greatest gift

The only way I’m going to get though this broke Christmas is to be constantly grateful for what I have been given.  I will list the greatest gifts I’ve received at different Christmases (this is a WordPress prompt, by the way) and a little history about each.

1. The red remote control car

This is the earliest gift I remember receiving from Santa.  The year was 1985, and remote control cars had just gotten a little smaller but no less clumsy, with their giant antennae and poor turning radii. But this car was cool; it traveled fast across our hardwood floors, peeled around corners, made a sweet backing-up sound.  It was pretty low to the ground (might have been a Corvette, in theory) and could clear most couches and chairs, which was delightful.  I was five, just old enough to work the remote control.  I felt like a superhero, making my little car burn doughnuts into the family room floor. Yes, that car (which is still somewhere in my parents’ basement, I believe) is the gift that signifies “ultimate super toy” in my subconscious.

2. My first pet, a bunny I named Flopsy

Was he there on Christmas morning? Yes.  Flopsy was a chunky fellow, white with long gray ears and a gray nose.  I loved him. I was nine and my parents finally gave in to my constant pleading for a rabbit.  Our next door neighbors had an outdoor hutch with several bunnies and I had spent a lot of time playing with them (luckily, our neighbors’ children were all grown, so I didn’t really have to share “my” bunnies with anyone), and I swore up and down I’d dutifully care for my own rabbit, would give it my life, if necessary.  And I did take pretty good care of Flopsy; he was low maintenance except for his cage, which we kept in the middle of the living room.  It got extremely smelly if I didn’t clean it at least once a week, and therein lay the problem.  Cleaning it every single week was a time-consuming, messy job; I quickly understood why most people keep their rabbits  outdoors.  But having my pet inside was important to me, it meant I could hang out with him all the time, and I didn’t have to worry that he was cold, or hungry or thirsty. Gradually I got better about cleaning his cage, and I spent some time researching rabbit health and nutrition.  Flopsy lived a few years, growing chunkier despite my best efforts (I worry that this was a side affect of his cage being set up pretty close to the TV).  Sadly, he contracted some nasty rodent flu and died within a few days.  After learning what it was to care for something small and vulnerable, I learned what it was to lose that fragile thing, to be completely powerless to save it.  This was also a kind of gift, something awful but essential to know.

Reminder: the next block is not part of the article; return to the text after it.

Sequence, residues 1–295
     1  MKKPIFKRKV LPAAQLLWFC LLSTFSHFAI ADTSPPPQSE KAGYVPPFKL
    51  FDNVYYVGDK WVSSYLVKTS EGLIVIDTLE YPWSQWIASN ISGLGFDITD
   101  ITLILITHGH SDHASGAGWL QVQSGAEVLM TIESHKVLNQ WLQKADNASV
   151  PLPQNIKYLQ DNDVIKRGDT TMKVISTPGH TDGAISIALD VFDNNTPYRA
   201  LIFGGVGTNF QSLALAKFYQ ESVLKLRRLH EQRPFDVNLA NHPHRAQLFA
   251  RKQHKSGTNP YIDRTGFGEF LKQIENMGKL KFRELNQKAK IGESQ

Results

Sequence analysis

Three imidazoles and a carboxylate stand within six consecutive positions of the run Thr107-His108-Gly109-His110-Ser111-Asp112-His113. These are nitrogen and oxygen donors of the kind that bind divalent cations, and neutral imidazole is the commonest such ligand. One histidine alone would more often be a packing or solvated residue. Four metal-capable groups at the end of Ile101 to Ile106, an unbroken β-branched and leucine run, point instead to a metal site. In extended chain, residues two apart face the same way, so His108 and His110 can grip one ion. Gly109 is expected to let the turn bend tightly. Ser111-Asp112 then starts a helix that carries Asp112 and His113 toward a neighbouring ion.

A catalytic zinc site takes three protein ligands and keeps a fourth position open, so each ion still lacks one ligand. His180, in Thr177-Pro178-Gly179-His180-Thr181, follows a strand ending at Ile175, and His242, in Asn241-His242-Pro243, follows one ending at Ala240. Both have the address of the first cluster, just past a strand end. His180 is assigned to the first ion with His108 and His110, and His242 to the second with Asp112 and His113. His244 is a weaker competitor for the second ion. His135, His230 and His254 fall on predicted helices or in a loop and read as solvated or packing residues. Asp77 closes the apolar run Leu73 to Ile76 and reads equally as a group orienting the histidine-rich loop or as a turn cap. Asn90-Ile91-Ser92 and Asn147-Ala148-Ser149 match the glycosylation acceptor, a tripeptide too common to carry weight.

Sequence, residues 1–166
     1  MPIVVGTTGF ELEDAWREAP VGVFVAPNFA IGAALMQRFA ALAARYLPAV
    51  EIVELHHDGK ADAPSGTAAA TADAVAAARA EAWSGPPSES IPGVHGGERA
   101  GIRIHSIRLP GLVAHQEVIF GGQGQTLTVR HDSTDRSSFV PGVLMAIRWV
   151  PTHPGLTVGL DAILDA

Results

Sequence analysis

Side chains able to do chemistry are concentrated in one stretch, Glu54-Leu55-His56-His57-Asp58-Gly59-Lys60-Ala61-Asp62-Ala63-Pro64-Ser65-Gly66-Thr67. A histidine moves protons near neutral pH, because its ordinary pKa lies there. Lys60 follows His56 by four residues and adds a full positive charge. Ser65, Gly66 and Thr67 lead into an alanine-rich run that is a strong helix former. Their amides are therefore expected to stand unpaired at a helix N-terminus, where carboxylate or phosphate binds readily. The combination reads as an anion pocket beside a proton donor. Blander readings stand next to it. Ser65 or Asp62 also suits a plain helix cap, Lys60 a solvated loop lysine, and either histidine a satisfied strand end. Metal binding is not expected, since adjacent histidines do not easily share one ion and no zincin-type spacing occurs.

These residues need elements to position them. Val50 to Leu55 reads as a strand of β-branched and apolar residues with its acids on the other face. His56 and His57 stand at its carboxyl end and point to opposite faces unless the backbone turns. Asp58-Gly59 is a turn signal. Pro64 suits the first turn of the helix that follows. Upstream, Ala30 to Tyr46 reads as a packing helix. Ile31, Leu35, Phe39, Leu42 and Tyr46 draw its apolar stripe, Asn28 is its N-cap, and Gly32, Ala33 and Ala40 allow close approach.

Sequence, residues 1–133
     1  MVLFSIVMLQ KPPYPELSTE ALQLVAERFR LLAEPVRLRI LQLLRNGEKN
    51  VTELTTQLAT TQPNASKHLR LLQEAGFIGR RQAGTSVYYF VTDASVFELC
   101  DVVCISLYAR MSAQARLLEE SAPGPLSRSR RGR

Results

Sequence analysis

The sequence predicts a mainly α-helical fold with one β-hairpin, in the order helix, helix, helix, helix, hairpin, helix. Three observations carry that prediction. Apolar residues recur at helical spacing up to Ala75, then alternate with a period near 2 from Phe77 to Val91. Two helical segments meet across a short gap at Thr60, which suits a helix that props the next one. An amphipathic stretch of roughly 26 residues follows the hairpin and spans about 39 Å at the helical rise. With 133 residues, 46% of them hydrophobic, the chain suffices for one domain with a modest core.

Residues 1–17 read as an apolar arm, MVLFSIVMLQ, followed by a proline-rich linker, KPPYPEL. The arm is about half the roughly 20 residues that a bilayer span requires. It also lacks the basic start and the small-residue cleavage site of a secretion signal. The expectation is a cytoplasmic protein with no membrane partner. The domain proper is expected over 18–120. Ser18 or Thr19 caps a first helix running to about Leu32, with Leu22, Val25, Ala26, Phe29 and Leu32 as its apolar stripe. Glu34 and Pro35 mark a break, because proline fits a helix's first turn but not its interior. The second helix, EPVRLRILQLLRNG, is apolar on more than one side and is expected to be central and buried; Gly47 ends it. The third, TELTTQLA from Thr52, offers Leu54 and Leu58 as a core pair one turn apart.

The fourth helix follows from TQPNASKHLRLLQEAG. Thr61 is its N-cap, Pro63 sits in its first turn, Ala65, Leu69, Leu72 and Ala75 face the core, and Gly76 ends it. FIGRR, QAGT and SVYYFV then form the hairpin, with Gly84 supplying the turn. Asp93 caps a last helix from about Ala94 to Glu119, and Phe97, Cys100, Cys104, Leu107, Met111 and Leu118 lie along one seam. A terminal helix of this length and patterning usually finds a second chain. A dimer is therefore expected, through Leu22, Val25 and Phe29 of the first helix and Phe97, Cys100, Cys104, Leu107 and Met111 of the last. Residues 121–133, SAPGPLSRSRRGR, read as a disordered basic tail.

3. The replacement tooth

Six or seven years ago I went over the handlebars of my bike and got pretty banged up.  The worst injury was to my front tooth, which died that day and slowly began shriveling up.  An excellent dentist told me it would gradually turn darker and uglier and then one day it would fall out.  The dead tooth did indeed get browner and deader and it caused me much distress. I was self-conscious of it, I stopped smiling in photos. And there was always the fear I’d wake up with a gaping hole where my front tooth had been.  And so, last year my mother gave me the greatest Christmas gift of my adult life, a fine new tooth.  She knew how much it bothered me (and as I’ve been without health insurance for a while now, how I was unable to get it fixed), and, being a good, no, a great mother, she had it all taken care of for me, all I had to do was sit in the dentist’s chair and space out.


About emvlovely

Oh, I live in an RV. I write poems, essays and prose. Thanks for reading my blog, good health to you!
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2 Responses to greatest gift

  1. Pingback: Gifts For All | ReeknittingwordswithGod Blog

  2. Joanie Virgil says:

    It’s surprising how the “greatest gifts” are not necessarily what’s in popular demand, or the most expensive on a child’s Christmas list. Remote control cars (happily resurrected in 2011!), Flopsy(!) & a new tooth (any mother would have done this, I hope!) – all are great choices, but not what I would have expected to see on the top of the list.

    I remember Cabbage Patch kids (and waitng in line for hours to get them), bicycles, riding toys (and hiding them at Eileen’s across the street), early video games (Pac Man) and our first computer (the Commodore 64). Thanks for the memories, Erin!

    Love, Mom

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